September 28, 2011

Lessons In Law

If you are due in court anytime soon, listening to the following podcasts and using the information in them may well see you leaving the court with no fines issued and with a big smile on your face.

If you use the words suggested, it may well be the cleverest thing you have ever done.

As you will hear, there are only really two people in the court: you and the judge/sheriff/magistrate. (Although you will have to determine what he or she is first). If you enter the court as a sovereign, you will be the judge. Using certain phrases let's the person (I use that term deliberately) in the high chair know that.

This is a fascinating series of talks and I urge you to set aside some time to listen to them. Even if you are not going to court they will help you to know what really goes on, how to act, what to say, and just as importantly, what not to say.


I was struck by Dave's attitude to using "calmness" in the court. And of course he is right: if you storm in looking for a fight, you will find what you seek. Maintain your composure at all times. Show respect. For yourself, not the thing you find yourself standing in.

The common thread through all of the talks above is the use of the question "Are you addressing me?". We had a live example of this in March this year. The "accused" asked the judge, twice, "Are you addressing me?" and the judge could not answer. She has no power, no license, and no right to judge sovereign men and women. Her magical powers only work when she is fining or punishing a corporate fiction. Sounds mad, I know, but it is all true. If you missed it, check it out here.

As I said in that piece, the court is a magical place, full of spells and curses. It is a play. You just need to know your lines before you get thrown on stage. Remember though that you are the actor, director and producer. Let them handle the special effects. Just don't be distracted by them.

Enough from me. Have a listen and let me know what you think.



Anonymous said...

CR did you sign the Voter Registration form?

Captain Ranty said...

I did not.

I am done with voting.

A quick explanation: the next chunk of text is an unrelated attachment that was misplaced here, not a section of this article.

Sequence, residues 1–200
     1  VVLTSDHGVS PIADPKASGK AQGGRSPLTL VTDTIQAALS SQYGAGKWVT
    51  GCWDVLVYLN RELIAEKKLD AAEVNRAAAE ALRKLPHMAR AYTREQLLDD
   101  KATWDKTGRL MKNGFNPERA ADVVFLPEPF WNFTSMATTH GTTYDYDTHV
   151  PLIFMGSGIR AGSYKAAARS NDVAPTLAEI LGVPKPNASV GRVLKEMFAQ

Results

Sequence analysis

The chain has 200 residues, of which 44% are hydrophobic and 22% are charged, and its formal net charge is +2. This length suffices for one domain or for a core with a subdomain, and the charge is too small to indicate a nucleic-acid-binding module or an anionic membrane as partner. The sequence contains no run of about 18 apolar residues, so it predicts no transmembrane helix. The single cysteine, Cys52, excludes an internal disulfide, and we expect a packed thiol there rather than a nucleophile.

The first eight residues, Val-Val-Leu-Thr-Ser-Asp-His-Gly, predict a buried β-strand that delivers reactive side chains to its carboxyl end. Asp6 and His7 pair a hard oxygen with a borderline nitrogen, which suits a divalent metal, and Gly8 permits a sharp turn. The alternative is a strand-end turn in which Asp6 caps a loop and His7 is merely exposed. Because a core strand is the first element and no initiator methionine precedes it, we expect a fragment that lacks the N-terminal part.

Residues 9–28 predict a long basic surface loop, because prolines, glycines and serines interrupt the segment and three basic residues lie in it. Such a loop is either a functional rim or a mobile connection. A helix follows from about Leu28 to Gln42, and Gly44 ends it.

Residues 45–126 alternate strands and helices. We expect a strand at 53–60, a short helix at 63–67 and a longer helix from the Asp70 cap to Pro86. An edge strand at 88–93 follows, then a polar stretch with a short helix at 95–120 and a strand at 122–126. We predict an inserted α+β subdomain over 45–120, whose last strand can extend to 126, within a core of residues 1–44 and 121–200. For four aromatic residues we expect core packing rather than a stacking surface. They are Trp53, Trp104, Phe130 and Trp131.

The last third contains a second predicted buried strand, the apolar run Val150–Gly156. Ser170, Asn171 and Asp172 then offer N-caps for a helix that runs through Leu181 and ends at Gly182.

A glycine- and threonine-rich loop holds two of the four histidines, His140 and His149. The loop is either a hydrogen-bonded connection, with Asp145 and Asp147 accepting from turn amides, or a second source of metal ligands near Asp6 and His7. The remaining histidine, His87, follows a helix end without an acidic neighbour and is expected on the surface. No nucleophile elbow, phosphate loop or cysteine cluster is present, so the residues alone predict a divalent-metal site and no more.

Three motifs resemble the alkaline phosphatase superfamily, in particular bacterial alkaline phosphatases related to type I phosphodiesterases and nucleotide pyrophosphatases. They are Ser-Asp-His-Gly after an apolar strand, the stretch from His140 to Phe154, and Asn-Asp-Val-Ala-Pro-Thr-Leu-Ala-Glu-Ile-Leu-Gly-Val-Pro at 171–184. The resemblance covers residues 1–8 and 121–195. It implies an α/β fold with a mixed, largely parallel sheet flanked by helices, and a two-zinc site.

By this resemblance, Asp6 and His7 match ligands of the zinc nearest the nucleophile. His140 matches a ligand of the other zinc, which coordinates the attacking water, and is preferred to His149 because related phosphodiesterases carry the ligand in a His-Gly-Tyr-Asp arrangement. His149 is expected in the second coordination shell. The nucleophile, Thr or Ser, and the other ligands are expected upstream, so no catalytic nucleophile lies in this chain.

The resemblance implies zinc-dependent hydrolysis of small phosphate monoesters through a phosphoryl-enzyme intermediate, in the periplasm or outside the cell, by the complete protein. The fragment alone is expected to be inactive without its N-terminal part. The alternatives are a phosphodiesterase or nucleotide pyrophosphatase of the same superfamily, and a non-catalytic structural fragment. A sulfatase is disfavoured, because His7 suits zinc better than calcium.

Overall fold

andy5759 said...

Would signing the Voter Registration form affect my Sovereignty?

Captain Ranty said...


It would not. You are sovereign until you decide you aren't. It's your decision and your decision alone.

Statutes are not written for you or me. They are written for agents of the government. Their society. To step away from or out of, their society, you need to dump all the stuff the ties you to that society. Driving License, birth cerificate, National Insurance number, in fact, if you registered anything, deregister it.

At one time I was gung ho about this. I wanted to rid myself of the fiction/corporation that they hung around my neck not long after I was born.


I'd rather keep it. I can use it the way I want to. It has advantages.


NewsboyCap said...


Who is this guy? seems to be well versed in the role play and theatre of the 'court'. Where can we gain this knowledge and confidence?
I'd love to see the man in action.Awesome!!!!

Anonymous said...

On the Roll:

Leaving aside the whole "democracy is a sham and there's no point voting" thing, there is a theory that by signing the electoral form you consent to being governed, irrespective of whether you vote or not. It derives from the wording; you effectively "apply" to register, and to apply actually means "to beg", and so forth, and your privilege is being entitled to mark an X (or not) whilst your obligation is to shut up and abide by the result like a good little sheep, because they presume that by registering you've admitted you can't govern yourself and need someone else to do it for you.

It's just a theory and probably not "THE" definitive one but they do like making presumptions, don't they? But there is nothing to stop us presuming something different, is there? ;)

I think their statutes technically place the responsibility for providing info for the Register onto the registration officers as part of their duties. It was Liebore that tacked on the bit about fining "persons" for having "failed to comply with, or given false information in pursuance of, any such requisition of the registration officer". Cunts. But then that's corporate policy, not my policy...

Those same statutes refer to registration as an "entitlement", which in a legalese sense is something that is given to you if you meet a requirement, as opposed to something that you already have just by being alive.

Of course by not going on the roll they tell you won't be able to get credit. OH NOES!

That is a half-truth, IMO; there are some who haven't signed the thing for years and have managed to get credit before, but I don't know whether that includes a mortgage or not (although that particular scam is a different topic).

On the (great) podcasts:

The dictionary mentioned in pt 3 of the podcast series has just been republished as a 3rd edition and now goes by the shorter name "Dictionary of Legal Usage" - RRP is £50 and no ebook version! As a result the second edition is quite cheap now.

Whilst we do, as the guy says, need to be careful using things like Black's especially if the judges aren't using it (although they do in the US, AFAIK), Bryan Garner, the author of the Dictionary of Legal Usage, also happens to moonlight as the present editor in chief of.....

Black's Law Dictionary!




Stealthy said...

Nice one CR :)

Anonymous said...

Captain, I'd like to de register my driving licence but how do I go about it? Do I even need to as it is registered in the name of a person and not me - the man?